Posts Tagged ‘Wired Magazine’

Stages of life have been chronicled in objects ad infinitum, from the wheels on your carriage to the hearse, from diapers to Depends. But what do those say about your growth, or lack thereof? If you would like to chronicle the changes in your interests during the stages of life, it’s as easy as observing the magazines you gravitated to. This is an abbreviated list of mine. Does any of it look familiar to you? I’d like to know what your “mag tags” are if you’d like to play along.

Weekly Reader




Mad Magazine


True Romance




Readers Digest




Family Circle

Better Homes & Gardens

Southern Living


Oxford American (sadly out of print)


AARP Magazine

First Line

Writers Digest


First Line

Garden & Gun


I am in the last section now. As I look back, the only magazine that still interests me above that line is Mad Magazine. Go figure. And here I insert a plug alert. No I’m not paid to say this, I jut want to increase the circulation of magazines I’d like to see stay in print in this tough environment.

The first is Garden & Gun. If you are Southern, or love any part of the South, this publication will blow you away. I found one of the first issues in the dentist’s office, ripped out the card and ordered it the minute I got home. Several visitors to my home have gone home and ordered it for themselves and friends. Garden & Gun is published in Charlston, S.C., not New York City, like a certain other “Southern” magazine. If nothing  else it is fun to see guests run screaming from your bathroom with the publication in hand, yelling, “Garden & Gun????”

The second one that has more relevance in my life that most on the newsstand is Wired. Never one to enjoy science class, I am shocked at the scientific articles that pull me right in. And then there are the technology articles, and what is more relevant to our lives today? All these years later, after scraping through science class, I discovered, thanks to Wired, that I am more than a little nerdy—and that’s just fine with me.

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I have never been so humbled or in awe—and this has been accomplished with 140 characters. I have twiddled with Twitter for a month or so. Wired Magazine said everyone should twitter, it is the thing of the future. Well, Wired is my Bible, so I followed along. And then I languished on there. It was like walking into a room where everyone was milling around and you had no idea what they were doing. Finally I tweeted, then tweeted again, then joined a twibe. All the while, through BNO information was coming at me before it hit CNN, or in many cases, even the professional news web sites.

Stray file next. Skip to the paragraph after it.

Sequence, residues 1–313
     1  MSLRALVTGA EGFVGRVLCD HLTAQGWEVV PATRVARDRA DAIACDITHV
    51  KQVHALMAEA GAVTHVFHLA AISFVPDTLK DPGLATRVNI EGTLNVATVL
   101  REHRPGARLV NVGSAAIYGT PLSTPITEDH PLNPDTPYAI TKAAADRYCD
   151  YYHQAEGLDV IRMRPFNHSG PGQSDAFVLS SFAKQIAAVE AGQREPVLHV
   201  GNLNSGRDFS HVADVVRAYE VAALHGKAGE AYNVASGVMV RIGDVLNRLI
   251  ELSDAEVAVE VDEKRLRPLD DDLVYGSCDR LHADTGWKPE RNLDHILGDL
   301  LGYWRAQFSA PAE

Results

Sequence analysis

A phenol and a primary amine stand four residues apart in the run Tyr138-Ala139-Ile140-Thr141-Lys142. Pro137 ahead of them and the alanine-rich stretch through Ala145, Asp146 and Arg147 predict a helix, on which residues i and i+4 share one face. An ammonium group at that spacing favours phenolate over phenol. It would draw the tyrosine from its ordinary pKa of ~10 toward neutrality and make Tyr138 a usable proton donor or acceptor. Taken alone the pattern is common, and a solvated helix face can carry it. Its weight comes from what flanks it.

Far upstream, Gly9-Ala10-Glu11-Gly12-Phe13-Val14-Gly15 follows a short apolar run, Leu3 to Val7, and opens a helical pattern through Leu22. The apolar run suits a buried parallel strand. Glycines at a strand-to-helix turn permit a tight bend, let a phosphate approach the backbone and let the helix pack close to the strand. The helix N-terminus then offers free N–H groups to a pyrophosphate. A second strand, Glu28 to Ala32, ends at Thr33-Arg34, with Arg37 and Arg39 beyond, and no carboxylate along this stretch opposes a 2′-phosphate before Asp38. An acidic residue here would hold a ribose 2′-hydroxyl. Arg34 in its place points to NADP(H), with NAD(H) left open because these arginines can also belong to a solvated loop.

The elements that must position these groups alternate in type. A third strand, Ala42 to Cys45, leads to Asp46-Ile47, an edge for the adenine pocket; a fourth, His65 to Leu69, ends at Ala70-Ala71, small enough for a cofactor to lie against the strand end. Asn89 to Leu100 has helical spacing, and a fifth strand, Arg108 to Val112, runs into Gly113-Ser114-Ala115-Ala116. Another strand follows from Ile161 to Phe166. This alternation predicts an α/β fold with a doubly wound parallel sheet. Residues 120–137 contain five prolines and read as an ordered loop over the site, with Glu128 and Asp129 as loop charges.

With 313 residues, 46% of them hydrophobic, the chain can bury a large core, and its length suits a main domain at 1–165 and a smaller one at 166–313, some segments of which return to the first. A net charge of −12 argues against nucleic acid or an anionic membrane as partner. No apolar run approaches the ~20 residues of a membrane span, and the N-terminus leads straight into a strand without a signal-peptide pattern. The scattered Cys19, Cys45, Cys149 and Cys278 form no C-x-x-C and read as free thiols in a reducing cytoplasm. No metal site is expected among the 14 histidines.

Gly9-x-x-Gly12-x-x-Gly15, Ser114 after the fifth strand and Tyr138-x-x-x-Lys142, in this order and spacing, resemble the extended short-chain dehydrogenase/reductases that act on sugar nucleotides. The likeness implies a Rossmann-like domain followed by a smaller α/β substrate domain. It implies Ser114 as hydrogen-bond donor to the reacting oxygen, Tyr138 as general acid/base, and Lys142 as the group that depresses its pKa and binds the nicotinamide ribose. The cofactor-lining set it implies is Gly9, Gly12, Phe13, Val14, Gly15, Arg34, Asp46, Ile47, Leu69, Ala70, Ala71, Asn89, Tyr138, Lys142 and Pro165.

Okay, now I was beginning to understand what that little crowd in the corner was doing. I joined with a few others hunched over keyboards writing fiction in 140 characters. Good writing practice. But is this what Wired was referring to?

A few days ago CNN reported elections in Iran with suspect outcome then returned to telling viewers how to cope with analog TV’s.  Up pops #Iranelections on Twitter groups.  Suddenly Twitter reschedules its maintenance to coincide with nighttime in Iran so citizens could continue to twitter. Curious about the situation, knowing reporters had basically been shut down and were staying in safe places, as advised, I thought I’d see what this was about. What it is about is revolutionary. Over 221,744 tweets in one hour at its peek. Pictures of protests and violence not seen even on TV, human voices and warnings in real time. I am in awe — truly.

Perhaps there will not be an Iranian revolution, but there has already been an information revolution. The possibilities of the cutsie-named Twitter, started in the bedroom of a couple is giving me shivers. Now I understand.

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